Day 22: Motion Shot + Lensmob = Introduction to Motion Diagrams


Students used the Sony Motion Shot app (iOS/Android) to create time-lapse photos of the following motions: fast constant speed, slow constant speed, increasing speed, and decreasing speed. They then emailed the photos to my Lensmob photo album so we could see and discuss everyone’s photos. (I set up an album for each period.) This was a nice lead-in to motion diagrams.

Day 21: Learning Lists in VPython


Students are working through 2 tutorials on making and using lists in VPython:

Day 20: Is There A Speeding Problem In Front Of The School?


Students video cars driving past the school and analyze in Logger Pro.

Day 19: Your Normal Approach Is Useless Here


Gauss’s Law? We’re saving that for the end of the semester. Taking a cue from Matter and Interactions, we’re applying reasoning to these AP problems rather than hunting for equations.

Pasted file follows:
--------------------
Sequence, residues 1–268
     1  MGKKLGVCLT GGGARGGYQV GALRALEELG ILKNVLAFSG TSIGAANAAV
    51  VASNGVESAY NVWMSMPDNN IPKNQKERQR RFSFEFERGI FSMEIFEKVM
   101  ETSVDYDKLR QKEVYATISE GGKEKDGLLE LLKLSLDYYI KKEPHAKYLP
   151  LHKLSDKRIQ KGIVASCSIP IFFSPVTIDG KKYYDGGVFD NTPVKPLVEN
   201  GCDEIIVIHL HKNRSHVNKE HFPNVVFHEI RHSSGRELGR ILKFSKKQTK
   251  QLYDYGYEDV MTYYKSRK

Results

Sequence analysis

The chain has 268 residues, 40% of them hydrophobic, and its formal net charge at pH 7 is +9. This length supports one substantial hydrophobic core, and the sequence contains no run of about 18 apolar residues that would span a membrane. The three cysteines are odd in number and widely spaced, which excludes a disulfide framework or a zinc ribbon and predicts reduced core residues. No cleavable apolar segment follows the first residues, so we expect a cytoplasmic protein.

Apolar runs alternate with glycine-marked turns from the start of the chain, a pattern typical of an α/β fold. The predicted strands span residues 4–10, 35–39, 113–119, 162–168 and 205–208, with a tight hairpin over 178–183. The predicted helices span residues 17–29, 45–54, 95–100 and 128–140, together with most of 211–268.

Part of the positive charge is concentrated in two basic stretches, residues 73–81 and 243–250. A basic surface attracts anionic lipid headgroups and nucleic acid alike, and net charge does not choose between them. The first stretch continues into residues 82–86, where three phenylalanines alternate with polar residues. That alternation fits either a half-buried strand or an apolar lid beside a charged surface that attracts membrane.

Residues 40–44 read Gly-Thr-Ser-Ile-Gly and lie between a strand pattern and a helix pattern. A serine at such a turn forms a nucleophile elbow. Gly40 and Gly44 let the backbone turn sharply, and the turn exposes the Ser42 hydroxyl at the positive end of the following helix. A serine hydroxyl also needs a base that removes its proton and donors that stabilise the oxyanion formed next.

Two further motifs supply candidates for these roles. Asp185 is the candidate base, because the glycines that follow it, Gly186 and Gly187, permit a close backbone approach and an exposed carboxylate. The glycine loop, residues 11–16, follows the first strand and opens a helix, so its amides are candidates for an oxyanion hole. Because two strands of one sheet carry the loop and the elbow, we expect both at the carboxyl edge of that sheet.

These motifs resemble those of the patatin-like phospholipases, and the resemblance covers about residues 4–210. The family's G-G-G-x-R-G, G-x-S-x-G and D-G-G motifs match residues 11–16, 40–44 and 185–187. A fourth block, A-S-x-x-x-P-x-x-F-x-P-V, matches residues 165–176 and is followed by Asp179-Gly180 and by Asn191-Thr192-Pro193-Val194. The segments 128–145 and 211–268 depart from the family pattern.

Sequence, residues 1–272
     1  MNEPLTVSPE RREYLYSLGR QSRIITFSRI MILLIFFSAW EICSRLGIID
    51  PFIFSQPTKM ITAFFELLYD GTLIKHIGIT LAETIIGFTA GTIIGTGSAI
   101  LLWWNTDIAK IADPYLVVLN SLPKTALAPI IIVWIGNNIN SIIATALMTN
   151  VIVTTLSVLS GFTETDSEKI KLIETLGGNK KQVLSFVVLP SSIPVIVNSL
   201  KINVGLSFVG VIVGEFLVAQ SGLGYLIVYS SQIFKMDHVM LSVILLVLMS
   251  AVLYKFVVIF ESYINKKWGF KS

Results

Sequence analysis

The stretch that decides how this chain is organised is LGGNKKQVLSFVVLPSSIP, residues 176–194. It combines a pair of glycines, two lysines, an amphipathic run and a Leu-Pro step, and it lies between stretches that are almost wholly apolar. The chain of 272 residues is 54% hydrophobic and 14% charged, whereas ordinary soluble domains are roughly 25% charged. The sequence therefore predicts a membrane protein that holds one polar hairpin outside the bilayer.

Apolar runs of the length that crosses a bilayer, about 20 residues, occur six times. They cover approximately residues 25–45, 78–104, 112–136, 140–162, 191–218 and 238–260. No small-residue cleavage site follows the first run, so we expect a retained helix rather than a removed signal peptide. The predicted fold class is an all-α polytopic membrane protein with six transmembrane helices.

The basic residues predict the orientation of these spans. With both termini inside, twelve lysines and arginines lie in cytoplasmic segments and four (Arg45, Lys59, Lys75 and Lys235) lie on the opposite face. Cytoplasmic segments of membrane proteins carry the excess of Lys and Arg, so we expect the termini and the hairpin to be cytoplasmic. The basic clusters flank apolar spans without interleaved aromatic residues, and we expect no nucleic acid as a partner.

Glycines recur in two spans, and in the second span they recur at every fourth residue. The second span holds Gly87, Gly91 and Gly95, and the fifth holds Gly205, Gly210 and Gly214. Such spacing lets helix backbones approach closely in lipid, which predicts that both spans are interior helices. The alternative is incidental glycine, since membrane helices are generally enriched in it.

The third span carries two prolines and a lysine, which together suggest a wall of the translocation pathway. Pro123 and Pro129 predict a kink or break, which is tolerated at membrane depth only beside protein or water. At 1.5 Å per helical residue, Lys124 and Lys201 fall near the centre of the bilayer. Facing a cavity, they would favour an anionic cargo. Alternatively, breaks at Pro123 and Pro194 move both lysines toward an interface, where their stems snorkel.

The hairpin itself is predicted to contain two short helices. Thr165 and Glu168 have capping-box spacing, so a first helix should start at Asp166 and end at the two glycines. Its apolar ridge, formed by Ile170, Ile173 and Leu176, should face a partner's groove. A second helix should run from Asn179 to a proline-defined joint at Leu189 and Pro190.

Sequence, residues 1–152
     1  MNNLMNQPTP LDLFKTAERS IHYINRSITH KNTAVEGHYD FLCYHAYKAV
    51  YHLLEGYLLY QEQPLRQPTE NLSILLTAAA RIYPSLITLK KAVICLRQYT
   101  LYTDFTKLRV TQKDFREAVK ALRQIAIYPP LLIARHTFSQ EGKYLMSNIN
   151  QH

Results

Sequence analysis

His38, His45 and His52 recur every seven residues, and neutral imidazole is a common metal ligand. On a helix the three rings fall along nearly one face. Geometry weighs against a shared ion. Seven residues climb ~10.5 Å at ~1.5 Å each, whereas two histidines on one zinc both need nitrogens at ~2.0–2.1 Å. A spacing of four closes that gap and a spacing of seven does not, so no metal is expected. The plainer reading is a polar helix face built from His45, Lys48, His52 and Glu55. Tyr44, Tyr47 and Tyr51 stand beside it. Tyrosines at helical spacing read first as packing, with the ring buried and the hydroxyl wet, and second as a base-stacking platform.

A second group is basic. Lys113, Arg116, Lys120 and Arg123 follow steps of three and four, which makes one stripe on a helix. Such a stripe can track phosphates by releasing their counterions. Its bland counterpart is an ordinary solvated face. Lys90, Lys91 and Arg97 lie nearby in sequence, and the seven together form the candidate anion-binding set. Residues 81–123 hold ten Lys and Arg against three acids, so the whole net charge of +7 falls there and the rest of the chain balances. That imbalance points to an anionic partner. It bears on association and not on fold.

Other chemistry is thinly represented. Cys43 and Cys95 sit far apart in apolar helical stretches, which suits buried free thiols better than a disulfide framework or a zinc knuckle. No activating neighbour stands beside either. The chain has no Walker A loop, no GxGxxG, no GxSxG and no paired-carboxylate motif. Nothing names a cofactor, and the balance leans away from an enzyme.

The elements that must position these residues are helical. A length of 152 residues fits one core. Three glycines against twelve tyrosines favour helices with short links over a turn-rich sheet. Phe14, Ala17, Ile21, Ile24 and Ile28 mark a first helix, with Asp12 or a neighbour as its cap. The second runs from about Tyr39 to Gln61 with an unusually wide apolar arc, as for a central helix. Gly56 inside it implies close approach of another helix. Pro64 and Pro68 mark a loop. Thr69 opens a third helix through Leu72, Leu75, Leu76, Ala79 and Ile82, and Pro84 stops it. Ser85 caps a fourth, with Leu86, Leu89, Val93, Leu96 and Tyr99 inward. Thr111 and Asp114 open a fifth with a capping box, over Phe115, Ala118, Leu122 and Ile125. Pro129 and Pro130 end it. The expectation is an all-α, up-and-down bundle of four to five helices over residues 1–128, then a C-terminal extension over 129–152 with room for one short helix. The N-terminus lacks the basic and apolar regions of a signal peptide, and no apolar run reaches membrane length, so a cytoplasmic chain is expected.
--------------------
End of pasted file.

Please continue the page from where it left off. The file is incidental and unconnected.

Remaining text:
Day 18: Inventing Velocity-Time Graphs


(I’m still home today. This was from a few days ago.) Instead of me lecturing or giving notes about velocity-time graphs, students used mini-whiteboards to predict what the graphs would look like for several scenarios involving a buggy moving in front of a motion detector. Here’s the handout: WORKSHEET Drawing Velocity Time Graphs 2015

Day 17: How Fast is a Ping-Pong Ball Cannon?


Direct Measurement Video + Desmos!

Day 16: Always, Sometimes, Never


(This is actually from yesterday, but I’m home today with my kids.) I learned about the “Always, Sometimes, Never” from math teacher Fawn Nguyen. It’s a great framework for addressing nuances and students’ partial conceptions.


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